Atari 1200XL 1991, just for fun, heck they were giving these things away for next to nothing.

 

Stayed IBM x86 ever since 1988

XT, AT, 486, Pentium, Pentium III, AMD Athlon, AMD Phenom II, Core i7

 

Currently own (2) 400, (2) 800, and (2) 1200XL

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In right order:

 

1. Timex Sinclair 1000 (which was actually a ZX81) 1983-1985

2. Atari 800XL 1984 - 1990; and 1994 till today

3. Apple //c 1990 - 1992 (but I still have it)

4. IBM Clone 1992

5. Atari ST 1992 - 2002

6. IBM Clone again 1998 - 2006

7. Apple iMac G5 2006 - 2014

8. Apple MacBook Pro 2011- now

 

 

My most favorite machines from this list were:

 

1. Atari 800XL

2. Atari ST

3. iMac G5

4. Apple //c

 

I have extremely fond memories of my Atari XL and ST, but I have to admit that the iMac G5 is a very close #3. It was my first Mac since a long time on PC. It came with OS X Tiger and I was EXTREMELY happy with that computer.

 

I mention my Apple //c too. It was the computer I started using after I sold my Atari 800xl. The Apple //c was more for serious stuff. I learned typing on it and I made all my homework with AppleWorks.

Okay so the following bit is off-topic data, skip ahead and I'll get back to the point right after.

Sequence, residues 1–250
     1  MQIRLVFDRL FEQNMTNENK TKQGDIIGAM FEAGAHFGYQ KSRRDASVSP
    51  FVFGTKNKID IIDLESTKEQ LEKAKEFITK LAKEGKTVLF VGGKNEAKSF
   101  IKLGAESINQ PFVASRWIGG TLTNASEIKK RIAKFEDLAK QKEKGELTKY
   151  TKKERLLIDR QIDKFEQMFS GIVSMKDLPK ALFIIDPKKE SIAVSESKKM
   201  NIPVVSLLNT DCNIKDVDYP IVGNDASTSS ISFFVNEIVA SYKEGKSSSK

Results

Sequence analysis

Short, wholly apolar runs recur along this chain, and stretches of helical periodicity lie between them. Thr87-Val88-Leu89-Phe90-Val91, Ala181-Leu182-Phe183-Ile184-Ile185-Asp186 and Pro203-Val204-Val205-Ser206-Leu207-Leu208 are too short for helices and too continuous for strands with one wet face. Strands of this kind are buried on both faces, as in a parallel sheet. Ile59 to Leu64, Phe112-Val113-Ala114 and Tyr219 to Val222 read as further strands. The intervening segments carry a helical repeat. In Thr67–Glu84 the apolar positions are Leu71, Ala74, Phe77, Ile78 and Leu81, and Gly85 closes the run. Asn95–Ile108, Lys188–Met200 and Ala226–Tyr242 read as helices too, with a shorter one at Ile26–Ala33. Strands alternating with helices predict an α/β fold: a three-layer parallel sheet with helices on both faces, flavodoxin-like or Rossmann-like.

I studied music at the Rotterdam Conservatory. Back in that time 'everybody' had an Atari ST. I made all my musical arrangements with Cubase and my music notation with ScorePerfect and later with Notator Logic. I also used a brilliant WYSIWYG wordprocessor called That's Write and I did not some nice DTP with Calamus. Yes the Atari ST was an important machine for me. Although I am no longer interested in Atari ST (I can do everything what the ST was able to, on my MacBook Pro and better) I have good memories.